Anyway, it looks like Pavano will be matched up against Phil Hughes on Sunday.  Hughes was spectacular against the Rangers Monday, tossing 8 innings of 3-hit shutout ball.  On the other hand, after Garza, Greinke, and Garza, I'm not ceding the matchup away from Pavano. 

2) Team smash! 

The Indians scored 5 runs last night, 5 of which came from home run blasts. 

Really, now: it's one thing for Ryan Garko to hit his third home run in two games.  Garko is a notoriously streaky hitter, and if he's locked into one of his better streaks, it's not surprising to see him muscle a ball out.  It was encouraging to see his blast travel to the right of dead center: it seems like the majority of his home runs are pulled mistakes, so this was a good piece of hitting. 

And it may seem like Mark DeRosa is an unlikely home run candidate ... except he actually leads the team in homers.  He looks well on his way to posting the kind of numbers he had for the Cubs last year, and DeRosa was the only Indian to hit a homer with a runner on base (Garko, who'd been hit with a 3-2 offering from Garza).  His shot came with two outs: it, too, went right of center for a nice piece of other-way power. 

And it certainly isn't surprising to see Kelly Shoppach pull one over the left-field wall off a marginal left-hander.  Shoppach, with 9 walks and 32 Ks in 76 AB, is the closest thing Cleveland has to a "Three True Outcomes" player, although he has only 4 homers on the season to date.  Still, when Shoppach hits a ball in the air, it seems to go a pretty long way in general. 

But Asdrubal Cabrera?  Well, in all fairness, he's been showing a good ability to drive the ball, especially from the left side.  But the man has 2 home runs.  His career high is 6.  I am surprised when Asdrubal Cabrera hits a home run.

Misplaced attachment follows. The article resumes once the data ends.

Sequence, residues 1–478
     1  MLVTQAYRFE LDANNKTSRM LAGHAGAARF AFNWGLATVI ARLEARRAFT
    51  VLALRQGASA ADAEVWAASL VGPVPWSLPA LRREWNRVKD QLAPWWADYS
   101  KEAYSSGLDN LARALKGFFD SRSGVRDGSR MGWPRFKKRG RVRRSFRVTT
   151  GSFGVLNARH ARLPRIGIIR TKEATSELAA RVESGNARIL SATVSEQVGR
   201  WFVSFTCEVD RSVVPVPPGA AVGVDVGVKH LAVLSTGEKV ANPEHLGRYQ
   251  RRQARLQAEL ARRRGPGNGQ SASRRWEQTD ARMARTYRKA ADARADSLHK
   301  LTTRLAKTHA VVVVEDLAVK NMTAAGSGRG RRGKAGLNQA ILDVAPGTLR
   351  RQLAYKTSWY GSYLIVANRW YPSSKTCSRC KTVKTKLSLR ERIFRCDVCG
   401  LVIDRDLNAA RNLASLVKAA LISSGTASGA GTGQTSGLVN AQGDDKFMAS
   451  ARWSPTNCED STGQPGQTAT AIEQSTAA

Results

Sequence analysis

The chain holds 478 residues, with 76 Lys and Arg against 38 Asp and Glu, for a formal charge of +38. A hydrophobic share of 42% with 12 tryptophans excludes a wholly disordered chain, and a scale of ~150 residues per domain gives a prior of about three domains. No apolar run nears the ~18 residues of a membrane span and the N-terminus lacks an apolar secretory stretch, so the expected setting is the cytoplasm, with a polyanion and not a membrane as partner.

(I think Matt Garza was, too.) 

3) The Ballad of the Team Leader Who Led the Team 

No, really, Mark DeRosa leads the team with 8 HRs. 

And he leads the team with 32 RBI (although he is tied with Victor Martinez here). 

He is second on the team with 81 total bases, more than Cabrera, Shin-Soo Shoo, or Grady Sizemore, all of whom hit higher in the order than he does.  His 29 runs are third-best behind Martinez and Cabrera. 

You see, I think we should play up numbers like these.  Numbers like these are very impressive, especially to other teams.  Especially to other teams who are looking to add a versatile player who can pay second, third, and left.  A team like, say, St. Louis.  I think we should go about dropping Mark DeRosa Facts into casual conversations, like, "I'd like to order 8 widgets: you know, like the number of home runs Mark DeRosa has to lead the Cleveland Indians."  Or, "Let's all wish Bob a happy 32nd birthday, which happens to be the same number as Mark DeRosa has RBI to lead the Cleveland Indians." 

I think we should post these things on message boards and write them in letters to the editor.  We should sprinkle them into weblog comments and announce them to telemarketers that call our houses.  We should make bumper stickers and change them daily with thick, black markers so that they're easily visible from hundreds of yards away.  Lime your yard.  Tattoo your brother-in-law.  Rearrange the letters on sale signs at Wal-Mart.